Do Minimum Wage Increases Benefit Intended Households? Evidence from the Performance of Residential Leases
Posted: 17 Jul 2019
Date Written: 2019-07-10
Prior studies debating the effects of changes to the minimum wage concentrate on impacts on household income and spending or employment. We extend this debate by examining the impact of changes to the minimum wage on expenses associated with shelter, a previously unexplored area. Increases in state minimum wages significantly reduce the incidence of renters defaulting on their lease contracts by 1.29 percentage points over three months, relative to similar renters who did not experience an increase in the minimum wage. This represents 25.7% fewer defaults post treatment in treated states. To put this into perspective, a 1% increase in minimum wage translates into a 2.6% decrease in rental default. This evidence is consistent with wage increases having an immediate impact on relaxing renter budget constraints. However, this effect slowly decreases over time as landlords react to wage increases by increasing rents. Our analysis is based on a unique data set that tracks household rental payments.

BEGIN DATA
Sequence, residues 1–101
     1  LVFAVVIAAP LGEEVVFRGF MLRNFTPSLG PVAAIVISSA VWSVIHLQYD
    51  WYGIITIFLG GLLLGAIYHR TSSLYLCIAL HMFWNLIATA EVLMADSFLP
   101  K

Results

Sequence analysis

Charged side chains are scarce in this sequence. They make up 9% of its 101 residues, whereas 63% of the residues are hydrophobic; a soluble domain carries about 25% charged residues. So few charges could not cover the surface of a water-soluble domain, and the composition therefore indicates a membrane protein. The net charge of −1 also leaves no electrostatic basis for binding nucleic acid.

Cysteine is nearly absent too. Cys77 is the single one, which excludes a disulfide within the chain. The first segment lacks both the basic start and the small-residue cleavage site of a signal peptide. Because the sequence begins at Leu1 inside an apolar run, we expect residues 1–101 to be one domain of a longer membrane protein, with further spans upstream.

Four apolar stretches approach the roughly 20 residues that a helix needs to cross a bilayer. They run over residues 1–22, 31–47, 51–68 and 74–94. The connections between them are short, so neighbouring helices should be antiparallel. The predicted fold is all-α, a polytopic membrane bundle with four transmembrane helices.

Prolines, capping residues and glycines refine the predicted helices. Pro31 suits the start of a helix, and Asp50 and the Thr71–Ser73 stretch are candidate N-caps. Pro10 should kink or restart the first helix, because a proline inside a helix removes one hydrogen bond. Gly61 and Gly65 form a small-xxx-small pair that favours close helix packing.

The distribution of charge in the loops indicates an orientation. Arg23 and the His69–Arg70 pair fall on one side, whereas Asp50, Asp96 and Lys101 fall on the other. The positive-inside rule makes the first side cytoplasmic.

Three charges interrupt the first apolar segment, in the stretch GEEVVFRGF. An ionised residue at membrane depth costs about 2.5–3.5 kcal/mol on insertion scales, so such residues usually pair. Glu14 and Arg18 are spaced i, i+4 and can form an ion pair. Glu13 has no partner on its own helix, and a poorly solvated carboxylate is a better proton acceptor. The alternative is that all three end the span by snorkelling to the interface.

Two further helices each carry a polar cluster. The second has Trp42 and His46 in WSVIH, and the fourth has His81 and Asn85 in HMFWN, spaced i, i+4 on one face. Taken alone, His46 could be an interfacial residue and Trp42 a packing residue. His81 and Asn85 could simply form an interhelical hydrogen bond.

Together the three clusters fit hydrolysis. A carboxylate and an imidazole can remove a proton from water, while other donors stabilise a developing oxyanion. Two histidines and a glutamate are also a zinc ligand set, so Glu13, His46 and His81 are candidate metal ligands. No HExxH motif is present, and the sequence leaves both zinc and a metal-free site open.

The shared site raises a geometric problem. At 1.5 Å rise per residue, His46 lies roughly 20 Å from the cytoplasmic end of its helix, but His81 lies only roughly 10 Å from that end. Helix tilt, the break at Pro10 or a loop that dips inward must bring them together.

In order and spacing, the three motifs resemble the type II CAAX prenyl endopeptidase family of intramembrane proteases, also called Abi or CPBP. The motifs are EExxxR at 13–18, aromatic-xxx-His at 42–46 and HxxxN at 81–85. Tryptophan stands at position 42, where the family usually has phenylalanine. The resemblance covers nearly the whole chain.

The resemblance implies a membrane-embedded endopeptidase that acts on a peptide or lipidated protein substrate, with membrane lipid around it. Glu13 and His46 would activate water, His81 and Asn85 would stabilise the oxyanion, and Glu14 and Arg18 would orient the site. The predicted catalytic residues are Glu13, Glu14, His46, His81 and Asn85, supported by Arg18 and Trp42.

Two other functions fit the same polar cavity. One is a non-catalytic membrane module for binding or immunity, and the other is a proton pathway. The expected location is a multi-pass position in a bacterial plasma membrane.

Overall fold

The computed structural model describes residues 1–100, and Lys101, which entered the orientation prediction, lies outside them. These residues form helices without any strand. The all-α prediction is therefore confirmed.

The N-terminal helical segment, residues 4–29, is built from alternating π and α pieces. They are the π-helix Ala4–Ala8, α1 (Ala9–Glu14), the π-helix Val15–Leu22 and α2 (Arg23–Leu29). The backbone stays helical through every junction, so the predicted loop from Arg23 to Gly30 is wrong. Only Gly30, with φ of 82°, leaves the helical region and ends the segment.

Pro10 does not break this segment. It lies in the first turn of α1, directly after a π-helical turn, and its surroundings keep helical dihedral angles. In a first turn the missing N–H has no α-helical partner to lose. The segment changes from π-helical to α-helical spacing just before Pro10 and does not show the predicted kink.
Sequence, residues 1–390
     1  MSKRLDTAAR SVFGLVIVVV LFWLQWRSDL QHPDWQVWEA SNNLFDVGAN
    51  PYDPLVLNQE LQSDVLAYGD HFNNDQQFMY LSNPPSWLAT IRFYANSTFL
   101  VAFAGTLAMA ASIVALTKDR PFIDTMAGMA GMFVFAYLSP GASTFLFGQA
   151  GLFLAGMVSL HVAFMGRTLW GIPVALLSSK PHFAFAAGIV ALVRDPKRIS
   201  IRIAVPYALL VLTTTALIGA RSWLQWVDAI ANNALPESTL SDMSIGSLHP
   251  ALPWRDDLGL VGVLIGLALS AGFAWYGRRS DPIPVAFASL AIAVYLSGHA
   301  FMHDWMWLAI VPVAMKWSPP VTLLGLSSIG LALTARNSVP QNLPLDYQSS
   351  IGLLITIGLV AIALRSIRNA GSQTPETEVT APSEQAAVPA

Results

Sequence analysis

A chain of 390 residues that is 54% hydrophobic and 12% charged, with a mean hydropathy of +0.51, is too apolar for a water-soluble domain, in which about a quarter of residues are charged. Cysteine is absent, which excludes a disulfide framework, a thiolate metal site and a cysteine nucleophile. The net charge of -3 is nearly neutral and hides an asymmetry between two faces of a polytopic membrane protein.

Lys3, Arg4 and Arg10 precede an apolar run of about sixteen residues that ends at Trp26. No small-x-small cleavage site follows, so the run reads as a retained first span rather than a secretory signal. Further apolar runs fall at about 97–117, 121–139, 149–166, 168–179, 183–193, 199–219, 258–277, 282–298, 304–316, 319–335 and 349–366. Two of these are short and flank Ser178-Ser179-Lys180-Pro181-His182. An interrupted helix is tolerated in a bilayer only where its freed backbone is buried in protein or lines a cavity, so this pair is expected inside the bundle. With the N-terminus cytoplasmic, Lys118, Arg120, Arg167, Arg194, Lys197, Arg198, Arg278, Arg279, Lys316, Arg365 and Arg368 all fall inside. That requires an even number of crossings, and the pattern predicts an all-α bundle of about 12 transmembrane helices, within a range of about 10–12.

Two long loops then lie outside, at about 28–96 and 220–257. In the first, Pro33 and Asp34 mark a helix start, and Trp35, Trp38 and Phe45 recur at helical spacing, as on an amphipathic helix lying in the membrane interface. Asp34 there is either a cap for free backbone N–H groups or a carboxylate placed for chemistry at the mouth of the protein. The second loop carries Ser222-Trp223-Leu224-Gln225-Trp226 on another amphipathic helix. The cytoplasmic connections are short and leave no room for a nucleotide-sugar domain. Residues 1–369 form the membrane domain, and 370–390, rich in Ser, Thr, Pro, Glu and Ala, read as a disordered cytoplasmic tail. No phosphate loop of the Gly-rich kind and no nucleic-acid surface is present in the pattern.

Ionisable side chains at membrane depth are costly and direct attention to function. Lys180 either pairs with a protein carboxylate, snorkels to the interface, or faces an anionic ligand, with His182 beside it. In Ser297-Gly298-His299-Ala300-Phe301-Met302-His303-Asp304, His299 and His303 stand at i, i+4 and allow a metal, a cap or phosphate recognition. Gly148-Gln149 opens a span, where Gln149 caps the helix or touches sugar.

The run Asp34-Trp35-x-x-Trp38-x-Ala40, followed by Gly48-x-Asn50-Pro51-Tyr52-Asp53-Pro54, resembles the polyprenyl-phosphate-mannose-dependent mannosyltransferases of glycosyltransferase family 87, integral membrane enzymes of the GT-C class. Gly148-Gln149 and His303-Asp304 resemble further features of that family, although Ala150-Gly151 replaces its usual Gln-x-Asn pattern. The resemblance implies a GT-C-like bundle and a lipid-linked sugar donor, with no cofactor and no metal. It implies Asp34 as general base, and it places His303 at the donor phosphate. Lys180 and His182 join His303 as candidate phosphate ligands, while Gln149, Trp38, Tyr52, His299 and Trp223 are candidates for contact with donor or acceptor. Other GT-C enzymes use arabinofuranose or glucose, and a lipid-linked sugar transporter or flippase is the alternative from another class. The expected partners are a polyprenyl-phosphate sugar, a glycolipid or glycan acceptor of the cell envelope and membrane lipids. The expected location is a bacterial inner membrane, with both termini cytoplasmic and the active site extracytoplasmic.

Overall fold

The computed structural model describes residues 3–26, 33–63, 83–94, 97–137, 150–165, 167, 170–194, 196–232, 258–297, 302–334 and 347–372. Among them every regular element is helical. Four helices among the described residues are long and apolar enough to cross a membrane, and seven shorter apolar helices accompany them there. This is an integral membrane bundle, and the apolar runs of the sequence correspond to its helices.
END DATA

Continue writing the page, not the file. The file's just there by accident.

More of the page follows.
Keywords: minimum wage increase, lease defaults, rental market, household income
JEL Classification: G0, G13, G18, G28, R3, R31, R38
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